By Moses Leos III
The Kyle Police Department may be re-evaluating a practice meant to keep vehicle and homeowners from becoming a victim of crime.
Kyle Police Chief Jeff Barnett said the department could review its tactic of leaving courtesy “crime prevention notes” notifying homeowners of unlocked vehicles or open garage doors.
The potential review stems from a Plum Creek resident who has voiced disapproval of the department’s tactics on social media.
According to the resident, a note was left on the interior of his vehicle informing him that he had left his car door unlocked on the street. The resident said the note urged him to lock the door. The note also had the name and the badge number of the officer that addressed the issue.
But the resident told the Hays Free Press he was concerned that the practice was a violation of his rights. He said his concerns were that officers could have the opportunity to search his vehicle without a warrant.
Barnett said officers that take part in leaving courtesy notes do not search vehicles.
“They are not searching the car or doing anything other than leaving a note,” Barnett said.
He added that the practice of officers leaving courtesy notes has been done for “many years.”
Barnett said it is part of the department’s initiative to keep neighborhoods and businesses safe from crime. The initiative encompasses building checks and checking residences for open garage doors and unlocked cars.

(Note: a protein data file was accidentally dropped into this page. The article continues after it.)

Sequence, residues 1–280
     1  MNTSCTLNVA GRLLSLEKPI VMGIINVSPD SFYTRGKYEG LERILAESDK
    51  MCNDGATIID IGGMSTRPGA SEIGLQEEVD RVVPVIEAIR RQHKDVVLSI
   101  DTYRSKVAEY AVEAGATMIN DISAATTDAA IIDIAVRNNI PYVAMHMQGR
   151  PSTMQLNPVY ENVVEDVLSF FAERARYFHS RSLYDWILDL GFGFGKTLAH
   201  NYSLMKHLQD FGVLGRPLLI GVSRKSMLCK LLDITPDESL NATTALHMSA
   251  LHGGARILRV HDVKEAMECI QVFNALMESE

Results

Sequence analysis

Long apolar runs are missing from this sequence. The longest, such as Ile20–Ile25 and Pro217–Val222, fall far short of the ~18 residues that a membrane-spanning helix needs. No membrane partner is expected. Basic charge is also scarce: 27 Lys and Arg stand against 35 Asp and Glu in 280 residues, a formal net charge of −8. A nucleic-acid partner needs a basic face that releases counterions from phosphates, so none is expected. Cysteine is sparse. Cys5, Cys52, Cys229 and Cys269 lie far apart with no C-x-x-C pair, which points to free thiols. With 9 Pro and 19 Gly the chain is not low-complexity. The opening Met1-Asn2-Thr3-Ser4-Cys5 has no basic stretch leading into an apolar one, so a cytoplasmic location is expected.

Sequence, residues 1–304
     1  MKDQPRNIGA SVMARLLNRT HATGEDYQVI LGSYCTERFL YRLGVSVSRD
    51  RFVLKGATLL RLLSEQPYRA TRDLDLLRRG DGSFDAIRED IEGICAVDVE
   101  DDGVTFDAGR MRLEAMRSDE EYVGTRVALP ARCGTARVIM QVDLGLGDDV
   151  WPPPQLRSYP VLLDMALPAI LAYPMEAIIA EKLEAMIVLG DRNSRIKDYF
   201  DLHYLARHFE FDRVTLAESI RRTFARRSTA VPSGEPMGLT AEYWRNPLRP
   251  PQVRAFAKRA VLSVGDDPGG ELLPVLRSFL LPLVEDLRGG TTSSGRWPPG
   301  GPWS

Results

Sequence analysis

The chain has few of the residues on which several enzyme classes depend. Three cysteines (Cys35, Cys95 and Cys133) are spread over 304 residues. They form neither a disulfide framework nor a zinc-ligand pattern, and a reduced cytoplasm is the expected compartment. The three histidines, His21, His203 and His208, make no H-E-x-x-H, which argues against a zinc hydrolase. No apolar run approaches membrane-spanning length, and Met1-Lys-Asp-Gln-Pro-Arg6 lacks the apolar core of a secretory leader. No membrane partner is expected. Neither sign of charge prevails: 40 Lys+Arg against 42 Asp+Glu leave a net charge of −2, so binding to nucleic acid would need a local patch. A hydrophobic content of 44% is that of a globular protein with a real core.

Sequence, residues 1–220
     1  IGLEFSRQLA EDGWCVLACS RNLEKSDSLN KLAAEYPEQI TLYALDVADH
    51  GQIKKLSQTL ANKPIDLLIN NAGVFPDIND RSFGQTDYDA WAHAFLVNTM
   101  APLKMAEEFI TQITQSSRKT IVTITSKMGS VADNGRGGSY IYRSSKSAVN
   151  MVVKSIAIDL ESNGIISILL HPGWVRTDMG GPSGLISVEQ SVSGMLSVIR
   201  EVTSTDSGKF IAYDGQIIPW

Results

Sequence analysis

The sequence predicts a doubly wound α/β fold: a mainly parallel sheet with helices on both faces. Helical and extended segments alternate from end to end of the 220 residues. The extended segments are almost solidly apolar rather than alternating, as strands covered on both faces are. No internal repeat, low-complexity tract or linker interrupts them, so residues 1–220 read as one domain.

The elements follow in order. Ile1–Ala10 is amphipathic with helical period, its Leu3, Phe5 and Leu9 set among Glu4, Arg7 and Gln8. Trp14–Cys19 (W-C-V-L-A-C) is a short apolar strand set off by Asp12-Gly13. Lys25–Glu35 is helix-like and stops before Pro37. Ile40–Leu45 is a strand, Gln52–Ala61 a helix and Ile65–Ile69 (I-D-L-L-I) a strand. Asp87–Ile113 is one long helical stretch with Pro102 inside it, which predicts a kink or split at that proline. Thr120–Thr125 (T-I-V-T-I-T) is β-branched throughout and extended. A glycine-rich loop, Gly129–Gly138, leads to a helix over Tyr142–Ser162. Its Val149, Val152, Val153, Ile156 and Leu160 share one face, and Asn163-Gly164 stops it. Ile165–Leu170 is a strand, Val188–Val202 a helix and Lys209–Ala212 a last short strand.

Many car vehicle burglaries in Kyle are a result of homeowners leaving their cars unlocked, according to Barnett.
One case of car theft involved vehicles in Plum Creek. Kyle Police in December 2014 arrested Randy Aviles after he burglarized several vehicles in Plum Creek. Aviles was arrested on four charges of burglary of a vehicle, a Class A misdemeanor, and a theft of a fire arm, a state jail felony.
“Officers have historically tried to offer some proactive crime prevention to lock your cars, lock your doors and close up your businesses,” Barnett said.
In addition, Barnett said the department refrains from placing courtesy notes on the exterior of vehicles. He said placing notes on the outside could lead a “would-be criminal to read the note.”
But the practice may be a thing of the past. Barnett acknowledged a discussion on the Plum Creek Neighbors Facebook page that held concerns about the notes. The move to stop may also be done for officer safety.
While officers haven’t been told to stop, Barnett said Kyle Police would begin to gather feedback from residents.
“We plan to communicate with home owners associations and crime watch organizations, as well as our citizen’s police academy and citizens,” Barnett said. “We’ll gauge community sentiment and we’ll see where that takes us.”
There is no timeline as to when the police department will gather community feedback at this time.